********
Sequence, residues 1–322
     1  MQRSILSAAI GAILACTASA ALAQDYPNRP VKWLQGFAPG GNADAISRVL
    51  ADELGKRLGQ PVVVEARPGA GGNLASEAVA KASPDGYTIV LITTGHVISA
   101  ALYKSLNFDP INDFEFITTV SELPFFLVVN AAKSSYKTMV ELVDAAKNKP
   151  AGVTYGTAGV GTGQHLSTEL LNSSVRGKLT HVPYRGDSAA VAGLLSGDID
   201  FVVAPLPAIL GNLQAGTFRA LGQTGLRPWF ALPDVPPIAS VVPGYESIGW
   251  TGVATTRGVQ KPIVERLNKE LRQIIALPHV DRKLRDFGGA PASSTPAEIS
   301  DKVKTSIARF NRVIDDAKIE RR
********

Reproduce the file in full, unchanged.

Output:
Sequence, residues 1–322
     1  MQRSILSAAI GAILACTASA ALAQDYPNRP VKWLQGFAPG GNADAISRVL
    51  ADELGKRLGQ PVVVEARPGA GGNLASEAVA KASPDGYTIV LITTGHVISA
   101  ALYKSLNFDP INDFEFITTV SELPFFLVVN AAKSSYKTMV ELVDAAKNKP
   151  AGVTYGTAGV GTGQHLSTEL LNSSVRGKLT HVPYRGDSAA VAGLLSGDID
   201  FVVAPLPAIL GNLQAGTFRA LGQTGLRPWF ALPDVPPIAS VVPGYESIGW
   251  TGVATTRGVQ KPIVERLNKE LRQIIALPHV DRKLRDFGGA PASSTPAEIS
   301  DKVKTSIARF NRVIDDAKIE RR